APS-11 Marines Move from Jungle to Senegal Grasslands.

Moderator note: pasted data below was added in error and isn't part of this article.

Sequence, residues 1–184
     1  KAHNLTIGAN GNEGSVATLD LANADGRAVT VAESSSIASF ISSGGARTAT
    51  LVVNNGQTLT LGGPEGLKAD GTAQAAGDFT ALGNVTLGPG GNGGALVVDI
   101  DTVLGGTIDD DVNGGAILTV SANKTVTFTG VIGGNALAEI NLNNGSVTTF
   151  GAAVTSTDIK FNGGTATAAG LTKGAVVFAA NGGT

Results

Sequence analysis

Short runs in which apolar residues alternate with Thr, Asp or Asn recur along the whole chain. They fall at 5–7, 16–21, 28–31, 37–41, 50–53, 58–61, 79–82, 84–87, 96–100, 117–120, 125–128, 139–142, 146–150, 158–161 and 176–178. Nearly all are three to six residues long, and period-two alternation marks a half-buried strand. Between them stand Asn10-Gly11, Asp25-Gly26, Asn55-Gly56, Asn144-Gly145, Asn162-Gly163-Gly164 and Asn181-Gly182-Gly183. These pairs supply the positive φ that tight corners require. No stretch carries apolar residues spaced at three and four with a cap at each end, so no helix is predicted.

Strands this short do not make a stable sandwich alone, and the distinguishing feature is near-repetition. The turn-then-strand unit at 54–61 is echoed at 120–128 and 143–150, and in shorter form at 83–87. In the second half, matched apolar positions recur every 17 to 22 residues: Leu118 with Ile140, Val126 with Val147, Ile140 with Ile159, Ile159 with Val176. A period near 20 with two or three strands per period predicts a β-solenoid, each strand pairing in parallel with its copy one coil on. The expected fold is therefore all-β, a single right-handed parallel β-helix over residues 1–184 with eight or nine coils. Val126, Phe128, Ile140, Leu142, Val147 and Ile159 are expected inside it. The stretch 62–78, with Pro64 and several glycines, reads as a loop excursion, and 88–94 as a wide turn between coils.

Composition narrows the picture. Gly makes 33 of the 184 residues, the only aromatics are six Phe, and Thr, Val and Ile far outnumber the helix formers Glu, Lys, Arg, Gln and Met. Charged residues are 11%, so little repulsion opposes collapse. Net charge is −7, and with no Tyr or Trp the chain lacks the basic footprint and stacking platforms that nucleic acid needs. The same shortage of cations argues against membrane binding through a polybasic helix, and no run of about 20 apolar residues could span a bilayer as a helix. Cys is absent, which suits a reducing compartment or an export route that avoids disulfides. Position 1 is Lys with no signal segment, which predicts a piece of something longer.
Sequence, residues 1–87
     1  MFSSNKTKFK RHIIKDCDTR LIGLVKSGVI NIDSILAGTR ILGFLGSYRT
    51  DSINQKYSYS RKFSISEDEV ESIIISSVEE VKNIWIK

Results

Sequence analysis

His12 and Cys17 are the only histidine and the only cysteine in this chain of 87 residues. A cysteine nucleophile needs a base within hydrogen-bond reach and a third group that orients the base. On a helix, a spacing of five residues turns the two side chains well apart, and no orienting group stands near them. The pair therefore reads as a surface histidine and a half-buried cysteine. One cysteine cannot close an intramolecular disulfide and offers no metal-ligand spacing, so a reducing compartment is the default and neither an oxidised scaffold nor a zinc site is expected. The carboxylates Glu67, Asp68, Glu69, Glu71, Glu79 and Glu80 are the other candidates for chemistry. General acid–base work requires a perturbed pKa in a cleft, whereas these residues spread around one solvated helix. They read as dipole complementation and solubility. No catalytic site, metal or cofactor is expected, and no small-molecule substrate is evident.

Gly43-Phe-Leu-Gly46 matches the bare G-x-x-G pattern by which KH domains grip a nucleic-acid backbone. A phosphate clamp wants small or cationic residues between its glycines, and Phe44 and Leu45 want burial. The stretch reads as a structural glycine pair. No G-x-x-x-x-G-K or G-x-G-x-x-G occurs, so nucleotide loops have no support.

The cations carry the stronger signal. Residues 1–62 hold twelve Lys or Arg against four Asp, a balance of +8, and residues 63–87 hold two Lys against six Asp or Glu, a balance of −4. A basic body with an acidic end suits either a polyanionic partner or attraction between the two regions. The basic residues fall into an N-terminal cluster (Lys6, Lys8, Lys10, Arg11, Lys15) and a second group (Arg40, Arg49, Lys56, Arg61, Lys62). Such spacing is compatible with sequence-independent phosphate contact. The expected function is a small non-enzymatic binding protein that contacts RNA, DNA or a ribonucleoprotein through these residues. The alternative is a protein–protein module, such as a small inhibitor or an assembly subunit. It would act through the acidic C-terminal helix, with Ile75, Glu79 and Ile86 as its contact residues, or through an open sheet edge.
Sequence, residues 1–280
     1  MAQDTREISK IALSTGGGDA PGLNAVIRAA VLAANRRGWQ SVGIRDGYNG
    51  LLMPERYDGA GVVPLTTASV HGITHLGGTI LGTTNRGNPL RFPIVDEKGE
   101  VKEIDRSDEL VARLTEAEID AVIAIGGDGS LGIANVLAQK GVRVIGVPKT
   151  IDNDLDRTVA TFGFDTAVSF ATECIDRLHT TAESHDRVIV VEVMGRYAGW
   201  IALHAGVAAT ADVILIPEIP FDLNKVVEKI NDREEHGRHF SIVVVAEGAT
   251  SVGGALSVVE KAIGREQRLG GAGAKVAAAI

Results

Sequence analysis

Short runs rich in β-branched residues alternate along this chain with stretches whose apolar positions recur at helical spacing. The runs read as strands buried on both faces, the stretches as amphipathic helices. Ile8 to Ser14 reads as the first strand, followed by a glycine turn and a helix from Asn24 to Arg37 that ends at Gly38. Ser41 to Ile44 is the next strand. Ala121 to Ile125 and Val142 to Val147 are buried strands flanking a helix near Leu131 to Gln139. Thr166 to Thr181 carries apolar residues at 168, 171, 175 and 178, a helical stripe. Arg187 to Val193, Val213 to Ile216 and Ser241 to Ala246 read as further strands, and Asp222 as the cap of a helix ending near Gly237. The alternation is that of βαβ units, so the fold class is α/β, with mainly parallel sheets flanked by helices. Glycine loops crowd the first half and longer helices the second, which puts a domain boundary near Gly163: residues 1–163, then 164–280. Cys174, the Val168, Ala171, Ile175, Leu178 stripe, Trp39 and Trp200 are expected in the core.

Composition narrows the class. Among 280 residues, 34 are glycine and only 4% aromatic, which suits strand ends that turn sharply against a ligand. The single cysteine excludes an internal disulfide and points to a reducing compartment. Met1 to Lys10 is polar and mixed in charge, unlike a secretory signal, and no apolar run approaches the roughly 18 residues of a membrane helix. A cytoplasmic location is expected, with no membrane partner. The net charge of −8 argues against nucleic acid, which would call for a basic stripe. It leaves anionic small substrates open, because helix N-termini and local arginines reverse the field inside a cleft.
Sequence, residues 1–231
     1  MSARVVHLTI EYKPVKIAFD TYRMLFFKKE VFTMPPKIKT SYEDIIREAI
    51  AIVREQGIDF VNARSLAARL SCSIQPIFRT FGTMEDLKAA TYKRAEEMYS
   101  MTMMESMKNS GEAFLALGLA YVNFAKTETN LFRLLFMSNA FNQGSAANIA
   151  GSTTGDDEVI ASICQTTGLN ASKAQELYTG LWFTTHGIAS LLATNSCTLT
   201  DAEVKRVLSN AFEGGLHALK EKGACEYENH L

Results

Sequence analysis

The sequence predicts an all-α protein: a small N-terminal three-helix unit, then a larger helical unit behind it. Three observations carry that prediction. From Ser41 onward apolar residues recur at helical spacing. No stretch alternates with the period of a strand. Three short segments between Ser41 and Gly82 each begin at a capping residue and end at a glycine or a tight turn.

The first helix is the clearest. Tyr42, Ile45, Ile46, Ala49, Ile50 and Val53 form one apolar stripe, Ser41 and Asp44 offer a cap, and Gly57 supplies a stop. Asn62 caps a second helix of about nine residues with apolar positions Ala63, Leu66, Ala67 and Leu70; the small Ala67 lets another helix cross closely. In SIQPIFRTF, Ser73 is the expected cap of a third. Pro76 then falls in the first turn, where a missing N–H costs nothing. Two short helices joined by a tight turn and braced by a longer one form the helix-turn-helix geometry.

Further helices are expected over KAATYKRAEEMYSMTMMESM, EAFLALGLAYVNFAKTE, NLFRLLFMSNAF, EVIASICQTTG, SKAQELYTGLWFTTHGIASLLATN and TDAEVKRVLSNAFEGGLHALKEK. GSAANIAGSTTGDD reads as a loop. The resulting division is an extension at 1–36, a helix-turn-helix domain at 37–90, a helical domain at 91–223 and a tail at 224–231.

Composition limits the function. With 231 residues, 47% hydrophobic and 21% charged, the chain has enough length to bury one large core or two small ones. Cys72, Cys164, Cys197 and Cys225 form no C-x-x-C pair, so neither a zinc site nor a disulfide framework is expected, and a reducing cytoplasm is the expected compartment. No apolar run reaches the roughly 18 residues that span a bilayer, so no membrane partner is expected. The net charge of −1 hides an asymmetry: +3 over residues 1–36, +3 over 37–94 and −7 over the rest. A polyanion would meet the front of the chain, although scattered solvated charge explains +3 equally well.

The Marines of second platoon, Ground Combat Element, Security Cooperation Task Force (SCTF), Africa Partnership Station 2011 recently kicked off the Senegal chapter of APS-11’s military-to-military exchanges along the west African coast. Africa Partnership Station 2011 is a U.S. Africa Command maritime security assistance program that is designed to strengthen participating nations’ maritime security capacity through multilateral collaboration and cross-border cooperation. Marine Corps Forces, Africa is supporting APS-11 with a SCTF based out of Camp Lejeune, N.C. Amid countless miles of cashew trees, savannah brush and barren Senegal desert, and together with about 100 Senegalese Commandos and Nigerian Navy Special Boat Service troops, the 45-man platoon is welcoming the close of a rigorous first week of training just outside of town here. As the training regimen picks up pace, it’s apparent to the Marines that cooperation is imperative to the success of the partnership, and is easily achieved even in a culture as different as Senegal’s. “It’s interesting to see how quickly the Senegalese learn the material despite a language barrier,” said Corporal Steven Bray, an armorer attached to second platoon. “It also helps that when we’re not training, we’re still together. We’re trying their food and they’re trying ours, we talk to each other in the evenings and we train with one another all day. It makes for a great partnership,” he added. For the Marines of second platoon, who are mostly combat veterans from Iraq or Afghanistan, a deployment founded on partnership and the exchange of ideas is a welcomed reprieve from previous combat deployments. “On a combat deployment, Marines are often patrolling and engaging in firefights,” said Corporal Brandon Blackmon, an Afghanistan campaign veteran and fire team leader for first squad, second platoon. “It’s exciting to have the opportunity to take what we have learned from those experiences and bring them to the Senegalese and Nigerian military to better serve them when they go to combat.” So far, the Marines have provided periods of instruction that included fundamentals of the Marine Corps Martial Arts Program, intelligence gathering and analysis, foot patrolling, military operations in urban terrain, and maneuver warfare. Primarily focused on land warfare tactics, further classes will include combat marksmanship fundamentals, pistol marksmanship and static target engagement. Likewise, Senegalese and Nigerian troops are bringing forth their knowledge of combat from what they have learned from conflict in areas like the Casamance, the Congo, Darfur, and Cote D’Ivoire. ‘Riverine’ warfare is an amphibious maneuver taught by the Nigerian Navy Special Boat Service that encompasses river movement in small craft, embankment landings, shore assaults, withdrawals to the river, and standard operating procedure when receiving enemy contact from shorelines. After only one week, the three nations’ militaries have come together in fostering a dynamic partnership in which Senegalese, Nigerian and Marine forces transition in leading classes and physical training. The underlying interaction between militaries, cultures and allies is what makes partnerships like these worthwhile because it promotes interoperability and fosters regional stability. “This deployment is less about the actual training [tactics, techniques, and procedures] and more about building the relationships between our militaries and between our nations,” said 1st Lieutenant Michael J. Thomas, platoon commander for second platoon and executive officer for the GCE. “The information being exchanged is helping us build a foundation that helps us understand how one another operate. New and innovative ideas are being brought up every day and the sharing of those ideas will help us all grow together,” he added. The SCTF began its deployment in Ghana in March and is slated to continue its follow-on mission at Gabon in June.